Since the launch of the Presidential Dollars program in 2007, there has been a general decline in mintage figures for each release. This has been interrupted by brief rises for some of the more popular Presidents like Andrew Jackson and Abraham Lincoln, but the general trend has been down.

Last year, there were more than 300 million of the $1 coins struck by the United States Mint.

2011 Presidential Dollar Proof Set

Who will buy the 2011 Presidential Dollar Proof Set? The individual offering containing the proof versions of the four $1 coins issued during the year for the Presidents has lost some of its relevance.

This year, the US Mint released the 2011 Proof Set in mid January. This was a positive change for collectors who were used to waiting until mid-year or later for the popular annual set to be released. However, it threw off the dynamics and perhaps the main marketing point of the separate proof sets which have generally been issued first.

Last year, I bought the 2010 Presidential Dollar Proof Set just to get an earlier look at the Abraham Lincoln Presidential Dollar. Since I was getting the full set later, this set became redundant and I actually just gave it away as a gift.

This year, the incentive of getting coins earlier has gone away. Also, following a price increase, the 2011 Presidential Dollar Proof Set is $19.95. I will definitely pass on this offering, as I suggest other collectors will.

(In case anyone is wondering, the image is from the 2011 Presidential Dollars included in my full annual set.)

2011 Mint Set

My 2011 Mint Set arrived from the United States Mint a few days ago. This year’s set represents a big shift from recent years as the finish of the coin has been changed from satin like to brilliant.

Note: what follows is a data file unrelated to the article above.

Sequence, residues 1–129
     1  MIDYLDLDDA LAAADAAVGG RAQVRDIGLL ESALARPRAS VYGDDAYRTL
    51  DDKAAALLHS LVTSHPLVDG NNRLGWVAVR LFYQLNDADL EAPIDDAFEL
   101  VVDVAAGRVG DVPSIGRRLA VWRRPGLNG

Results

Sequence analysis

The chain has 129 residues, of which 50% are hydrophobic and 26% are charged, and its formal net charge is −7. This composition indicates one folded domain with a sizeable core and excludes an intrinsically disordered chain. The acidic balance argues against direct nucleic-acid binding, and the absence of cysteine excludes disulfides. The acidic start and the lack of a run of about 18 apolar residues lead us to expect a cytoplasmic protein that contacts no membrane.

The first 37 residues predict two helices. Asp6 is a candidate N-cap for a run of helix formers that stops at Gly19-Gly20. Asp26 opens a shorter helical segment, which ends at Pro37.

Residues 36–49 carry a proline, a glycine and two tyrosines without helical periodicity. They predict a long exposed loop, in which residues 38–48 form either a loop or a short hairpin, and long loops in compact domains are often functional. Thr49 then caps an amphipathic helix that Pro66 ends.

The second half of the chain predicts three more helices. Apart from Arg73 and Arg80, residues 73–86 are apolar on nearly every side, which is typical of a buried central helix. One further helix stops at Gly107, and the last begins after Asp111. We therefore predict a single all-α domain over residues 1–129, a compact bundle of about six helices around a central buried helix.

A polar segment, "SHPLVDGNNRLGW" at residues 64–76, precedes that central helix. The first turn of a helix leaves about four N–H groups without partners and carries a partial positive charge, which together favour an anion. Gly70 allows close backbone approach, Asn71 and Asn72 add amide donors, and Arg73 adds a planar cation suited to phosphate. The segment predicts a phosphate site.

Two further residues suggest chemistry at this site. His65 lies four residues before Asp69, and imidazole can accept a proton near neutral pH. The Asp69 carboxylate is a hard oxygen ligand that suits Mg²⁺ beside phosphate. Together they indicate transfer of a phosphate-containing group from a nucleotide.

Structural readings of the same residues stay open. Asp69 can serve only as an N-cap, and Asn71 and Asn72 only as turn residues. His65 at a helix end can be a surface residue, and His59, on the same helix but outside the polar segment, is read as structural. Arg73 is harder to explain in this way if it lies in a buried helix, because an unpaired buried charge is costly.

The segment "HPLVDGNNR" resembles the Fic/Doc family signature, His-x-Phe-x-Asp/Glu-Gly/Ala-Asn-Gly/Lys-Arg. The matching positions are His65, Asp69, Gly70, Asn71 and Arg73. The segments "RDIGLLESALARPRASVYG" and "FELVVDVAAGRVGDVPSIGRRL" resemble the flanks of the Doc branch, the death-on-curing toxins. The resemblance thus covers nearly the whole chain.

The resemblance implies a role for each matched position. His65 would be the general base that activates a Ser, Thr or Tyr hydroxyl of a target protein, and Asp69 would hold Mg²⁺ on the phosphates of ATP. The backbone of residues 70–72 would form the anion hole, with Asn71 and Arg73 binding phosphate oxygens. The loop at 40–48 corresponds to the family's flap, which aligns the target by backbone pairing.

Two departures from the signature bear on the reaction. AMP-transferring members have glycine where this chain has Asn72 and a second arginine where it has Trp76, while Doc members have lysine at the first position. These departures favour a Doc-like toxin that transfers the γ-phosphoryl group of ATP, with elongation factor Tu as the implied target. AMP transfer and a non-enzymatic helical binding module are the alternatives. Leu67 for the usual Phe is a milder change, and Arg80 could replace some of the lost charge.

From 2005 to 2010, the satin finish was used for set. For the first couple of years, coins included in the sets were immaculate and made ended up grading MS69 at the major grading services. Certain of the State Quarters are so abundant in this top grade that the premium is very small.

At some point, it seems that the US Mint may have changed their packaging procedure or coin handling procedure, which resulted in more coin on coin contact. This type of contact left a lot of marks on the coins and correspondingly the average grade and general eye appeal of coins included in Mint Sets declined.

This was not without something of a silver lining. Coins that had managed to escape contact marks and grade MS69 were in the distinct minority from perhaps 2008 onwards. This meant that some diligent searching could uncover top grade coins worth a nice premium.

Well, the mechanics of Mint Set collecting have changed again. The new brilliant finish most likely won’t be differentiated from circulation strikes. That means high grade circulation strike coins will be easier to find (lower premiums), and the great satin finish experiment will have concluded, creating short sets of 2005 to 2010 across the various denominations.